Specialty grocery stores like Whole Foods Market and online spice purveyors are the best ways to purchase pink peppercorns by themselves. However, you will likely find them in mixed peppercorn blends at a regular grocery store. When cooking with pink peppercorns, they can be crushed or toasted to enhance flavor. They can also be ground but are too soft to be crushed alone, so make sure to mix them with other colors when going this route.

Szechuan peppercorns

Szechuan, or Sichuan peppercorns are technically dried seed husks, not peppercorns. They come from a citrus tree found in the Sichuan province, making them part of the citrus family. While Szechuan peppercorns come in both red and green varieties, you'll most likely only encounter the red one in the United States.

When eating Szechuan peppercorns, you're probably notice their heat first. Then, a tingly feeling follows, giving it unique properties and flavor implications. According to the Hong Kong University of Science and Technology, the tingly effect is caused by sanshoamide, a nerve-stimulating compound. When you consume sanshoamide, it makes your lips and tongue experience a numbing sensation. While not super spicy, the feeling Szechuan peppercorns cause can make you think they are.

Aside from the distinct sensory effect, Szechuan peppercorns have a floral, citrusy, and piney flavor that helps to balance out heat in dishes. They are most commonly used in Asian dishes like Szechuan noodles, mapo tofu, and various stir-fried meats and vegetables, but they can be used to spice up just about anything you want. In general, you'll want to crush them before using them. You can also slightly toast them to bring out a more complex flavor and smell, but they may become bitter if overcooked. While they haven't always been easy to find in stores, they are becoming more common every day. Even so, the best place to find Szechuan peppers is at an Asian market or online.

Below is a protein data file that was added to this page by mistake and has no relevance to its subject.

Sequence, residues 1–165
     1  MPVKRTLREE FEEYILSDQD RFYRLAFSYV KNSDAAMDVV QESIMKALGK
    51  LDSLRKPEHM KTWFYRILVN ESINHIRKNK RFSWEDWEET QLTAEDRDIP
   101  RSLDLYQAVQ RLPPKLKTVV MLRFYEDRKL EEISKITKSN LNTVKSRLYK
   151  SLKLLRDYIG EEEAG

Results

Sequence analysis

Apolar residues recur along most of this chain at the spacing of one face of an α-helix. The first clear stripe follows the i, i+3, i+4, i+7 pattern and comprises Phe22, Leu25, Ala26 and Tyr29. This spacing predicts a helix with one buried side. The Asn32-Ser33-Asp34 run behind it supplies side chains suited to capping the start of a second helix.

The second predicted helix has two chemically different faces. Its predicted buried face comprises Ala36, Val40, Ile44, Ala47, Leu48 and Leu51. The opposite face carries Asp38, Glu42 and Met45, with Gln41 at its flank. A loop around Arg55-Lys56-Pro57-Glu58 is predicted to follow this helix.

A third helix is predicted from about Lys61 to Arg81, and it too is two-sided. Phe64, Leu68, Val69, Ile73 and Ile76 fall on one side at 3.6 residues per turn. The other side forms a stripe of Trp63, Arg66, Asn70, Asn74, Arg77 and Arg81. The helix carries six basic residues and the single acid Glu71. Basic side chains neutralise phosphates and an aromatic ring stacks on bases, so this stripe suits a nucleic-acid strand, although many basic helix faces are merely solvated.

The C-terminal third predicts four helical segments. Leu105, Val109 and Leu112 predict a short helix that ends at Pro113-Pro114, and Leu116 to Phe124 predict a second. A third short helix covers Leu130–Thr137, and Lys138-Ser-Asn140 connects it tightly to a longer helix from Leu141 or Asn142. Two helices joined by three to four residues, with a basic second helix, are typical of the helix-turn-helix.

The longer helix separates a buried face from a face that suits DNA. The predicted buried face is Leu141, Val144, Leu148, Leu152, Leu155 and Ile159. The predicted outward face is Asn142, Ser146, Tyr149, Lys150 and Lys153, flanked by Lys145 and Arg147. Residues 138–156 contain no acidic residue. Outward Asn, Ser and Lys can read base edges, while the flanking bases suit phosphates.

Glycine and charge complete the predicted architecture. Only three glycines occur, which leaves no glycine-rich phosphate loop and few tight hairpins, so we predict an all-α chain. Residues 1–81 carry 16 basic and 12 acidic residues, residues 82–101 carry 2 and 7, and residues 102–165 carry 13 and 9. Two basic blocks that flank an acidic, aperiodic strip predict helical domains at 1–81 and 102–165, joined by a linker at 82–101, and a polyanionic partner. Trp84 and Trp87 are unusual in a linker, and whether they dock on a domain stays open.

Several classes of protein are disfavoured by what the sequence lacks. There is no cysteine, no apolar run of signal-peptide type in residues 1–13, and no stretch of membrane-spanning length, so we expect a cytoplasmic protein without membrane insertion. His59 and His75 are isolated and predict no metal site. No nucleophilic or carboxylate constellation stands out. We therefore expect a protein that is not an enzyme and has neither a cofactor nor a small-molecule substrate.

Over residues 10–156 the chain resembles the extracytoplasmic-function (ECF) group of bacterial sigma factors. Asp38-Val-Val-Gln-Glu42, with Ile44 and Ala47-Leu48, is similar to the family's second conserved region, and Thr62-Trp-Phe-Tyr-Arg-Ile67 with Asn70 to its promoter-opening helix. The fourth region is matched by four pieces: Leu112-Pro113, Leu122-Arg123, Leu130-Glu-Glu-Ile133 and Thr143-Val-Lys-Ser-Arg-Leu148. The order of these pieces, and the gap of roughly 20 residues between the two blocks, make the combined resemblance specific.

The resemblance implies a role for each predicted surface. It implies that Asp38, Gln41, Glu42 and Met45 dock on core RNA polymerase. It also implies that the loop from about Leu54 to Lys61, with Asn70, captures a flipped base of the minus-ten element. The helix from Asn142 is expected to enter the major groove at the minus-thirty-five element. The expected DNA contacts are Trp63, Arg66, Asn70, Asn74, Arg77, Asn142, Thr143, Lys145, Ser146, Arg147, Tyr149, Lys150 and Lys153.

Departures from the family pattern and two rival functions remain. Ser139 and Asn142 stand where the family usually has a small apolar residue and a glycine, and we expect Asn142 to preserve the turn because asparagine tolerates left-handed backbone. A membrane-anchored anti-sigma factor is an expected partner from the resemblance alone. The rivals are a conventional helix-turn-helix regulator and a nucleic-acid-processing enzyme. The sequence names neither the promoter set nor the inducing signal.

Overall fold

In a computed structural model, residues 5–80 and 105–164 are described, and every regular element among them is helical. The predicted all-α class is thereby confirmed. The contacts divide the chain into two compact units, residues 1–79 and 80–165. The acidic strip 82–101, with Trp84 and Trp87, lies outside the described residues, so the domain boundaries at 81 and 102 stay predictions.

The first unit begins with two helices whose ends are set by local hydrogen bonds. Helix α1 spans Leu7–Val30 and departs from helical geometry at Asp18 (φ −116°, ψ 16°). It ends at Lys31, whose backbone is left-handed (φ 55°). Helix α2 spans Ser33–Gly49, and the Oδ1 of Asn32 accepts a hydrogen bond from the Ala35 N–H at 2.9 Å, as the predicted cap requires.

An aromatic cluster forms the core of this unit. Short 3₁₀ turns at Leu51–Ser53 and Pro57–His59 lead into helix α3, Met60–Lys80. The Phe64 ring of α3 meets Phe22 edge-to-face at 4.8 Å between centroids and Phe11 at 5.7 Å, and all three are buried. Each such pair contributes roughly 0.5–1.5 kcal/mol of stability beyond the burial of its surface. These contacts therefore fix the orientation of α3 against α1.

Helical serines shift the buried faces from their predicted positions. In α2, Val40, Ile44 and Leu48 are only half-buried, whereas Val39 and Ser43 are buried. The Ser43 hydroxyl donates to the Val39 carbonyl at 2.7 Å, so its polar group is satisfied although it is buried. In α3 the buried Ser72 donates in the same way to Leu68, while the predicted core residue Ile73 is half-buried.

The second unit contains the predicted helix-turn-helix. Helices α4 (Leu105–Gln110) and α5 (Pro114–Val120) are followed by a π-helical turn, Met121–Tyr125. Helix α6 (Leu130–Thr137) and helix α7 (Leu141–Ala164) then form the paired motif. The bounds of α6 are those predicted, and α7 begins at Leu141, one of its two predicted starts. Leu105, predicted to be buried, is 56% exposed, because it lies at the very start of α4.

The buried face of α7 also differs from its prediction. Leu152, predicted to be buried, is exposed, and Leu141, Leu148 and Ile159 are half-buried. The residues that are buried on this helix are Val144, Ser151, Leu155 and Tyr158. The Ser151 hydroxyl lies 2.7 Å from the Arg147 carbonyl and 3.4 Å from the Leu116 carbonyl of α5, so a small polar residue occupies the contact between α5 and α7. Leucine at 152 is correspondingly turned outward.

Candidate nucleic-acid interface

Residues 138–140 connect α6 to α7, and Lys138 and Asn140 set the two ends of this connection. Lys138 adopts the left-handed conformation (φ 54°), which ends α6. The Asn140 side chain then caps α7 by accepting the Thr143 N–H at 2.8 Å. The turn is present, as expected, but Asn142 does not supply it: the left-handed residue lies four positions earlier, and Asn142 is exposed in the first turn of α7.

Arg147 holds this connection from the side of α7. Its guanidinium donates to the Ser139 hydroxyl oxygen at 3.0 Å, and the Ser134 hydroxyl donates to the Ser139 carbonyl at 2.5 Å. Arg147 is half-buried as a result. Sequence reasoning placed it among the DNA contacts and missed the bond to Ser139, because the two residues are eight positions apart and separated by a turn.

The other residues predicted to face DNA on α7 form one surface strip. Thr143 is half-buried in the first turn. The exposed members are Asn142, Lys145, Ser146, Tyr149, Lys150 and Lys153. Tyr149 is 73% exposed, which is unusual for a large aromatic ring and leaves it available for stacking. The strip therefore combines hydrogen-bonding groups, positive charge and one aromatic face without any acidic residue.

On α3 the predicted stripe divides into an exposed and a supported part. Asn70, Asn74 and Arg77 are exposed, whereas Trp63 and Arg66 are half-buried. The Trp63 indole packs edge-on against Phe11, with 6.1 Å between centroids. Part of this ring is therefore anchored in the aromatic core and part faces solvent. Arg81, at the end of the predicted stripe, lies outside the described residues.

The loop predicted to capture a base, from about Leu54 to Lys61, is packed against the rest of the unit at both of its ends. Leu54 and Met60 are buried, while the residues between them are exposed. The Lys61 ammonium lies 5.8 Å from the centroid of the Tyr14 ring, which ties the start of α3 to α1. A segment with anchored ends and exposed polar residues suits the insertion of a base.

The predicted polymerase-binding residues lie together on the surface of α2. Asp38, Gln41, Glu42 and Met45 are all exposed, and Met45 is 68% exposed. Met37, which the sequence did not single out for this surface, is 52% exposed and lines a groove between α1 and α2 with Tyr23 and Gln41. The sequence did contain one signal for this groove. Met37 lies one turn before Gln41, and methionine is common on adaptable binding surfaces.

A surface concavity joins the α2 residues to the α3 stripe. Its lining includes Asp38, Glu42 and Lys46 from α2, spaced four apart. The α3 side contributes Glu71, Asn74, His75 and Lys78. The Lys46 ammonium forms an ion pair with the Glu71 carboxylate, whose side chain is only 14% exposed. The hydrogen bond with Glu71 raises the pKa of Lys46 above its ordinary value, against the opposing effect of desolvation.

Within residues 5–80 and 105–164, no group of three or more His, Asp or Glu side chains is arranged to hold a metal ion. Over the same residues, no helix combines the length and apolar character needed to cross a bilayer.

Long peppercorns

Closely related to black pepper, long peppercorns come from a flowering vine in the same family as Piper Nigrum but native to India. They are the spikey part of a large flower and have an oblong conical shape with tightly clustered peppercorns that make a notched texture. The cones are harvested, sun-dried, and used whole or crushed. Their taste closely resembles black pepper but is more complex and less spicy. Similar to Szechuan peppercorns, they tend to have a slightly citrusy flavor.

Used for centuries in Indian, African, Indonesian, and Mediterranean cuisine, the long pepper is not as common as it once was, especially outside India. Its fall from prominence is largely because it is hard to grow outside India and the wide-scale availability of black pepper. However, you'll still find it used in Indian, North African, and other regional Asian cuisines. When made traditionally, spicy rasam soup, nihari stew, and lentil curries all use long peppercorns. If you want to experiment with long pepper at home, it pairs wonderfully with barbecued meats.

Timut peppercorns